The MORE Act passed through the House Judiciary Committee in November and has moved on to the Senate. If it passes there, the federal government will remove marijuana’s Schedule 1 classification.

Furthermore, if the STATES Act is pushed through, it, too, allows the federal government to bow out entirely. The Strengthening the Tenth Amendment Through Entrusting States Act specifically hands over the regulation of marijuana to each state. If a state does not legalize the drug, it’s all well and good, but those that have will not be interfered with.

Basically, employers feel it may become a free-for-all.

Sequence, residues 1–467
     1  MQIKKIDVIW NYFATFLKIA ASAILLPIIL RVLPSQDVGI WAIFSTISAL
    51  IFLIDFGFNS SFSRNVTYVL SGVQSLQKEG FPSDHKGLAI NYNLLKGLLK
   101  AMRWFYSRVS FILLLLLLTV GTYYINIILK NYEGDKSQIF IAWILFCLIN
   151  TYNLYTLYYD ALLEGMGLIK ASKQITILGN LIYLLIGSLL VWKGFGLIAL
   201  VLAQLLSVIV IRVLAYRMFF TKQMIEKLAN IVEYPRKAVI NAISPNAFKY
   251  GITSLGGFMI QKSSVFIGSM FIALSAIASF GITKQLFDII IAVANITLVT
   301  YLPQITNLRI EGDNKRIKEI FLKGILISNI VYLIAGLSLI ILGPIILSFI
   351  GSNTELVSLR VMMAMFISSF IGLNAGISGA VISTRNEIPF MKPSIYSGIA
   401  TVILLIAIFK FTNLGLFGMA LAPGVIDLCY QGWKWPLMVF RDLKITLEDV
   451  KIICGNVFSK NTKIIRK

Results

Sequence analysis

Upping the stakes

There is no doubt that states are raking in revenue. Nevada brought in a whopping $146.7 million dollars during the first quarter of the fiscal year. The state projects recreational sales to bring in $370 million for the fiscal year 2019. That doesn’t reflect medical marijuana sales at all.

If that wasn’t eye-opening enough since Colorado legalized recreational marijuana in 2014, total revenue collected for marijuana taxes, fees, and licensing topped out at $1,043,961,209.

It’s no wonder state governments are yielding to the push for legalization. Apparently, it’s all about the bottom dollar… even if one must stoop to acquire it.

Speaking of which, the SAFE Banking Act came to a vote in September 2019 and passed the House. If passed by the Senate, banks will have no qualms about opening accounts and giving loans to businesses in the marijuana industry.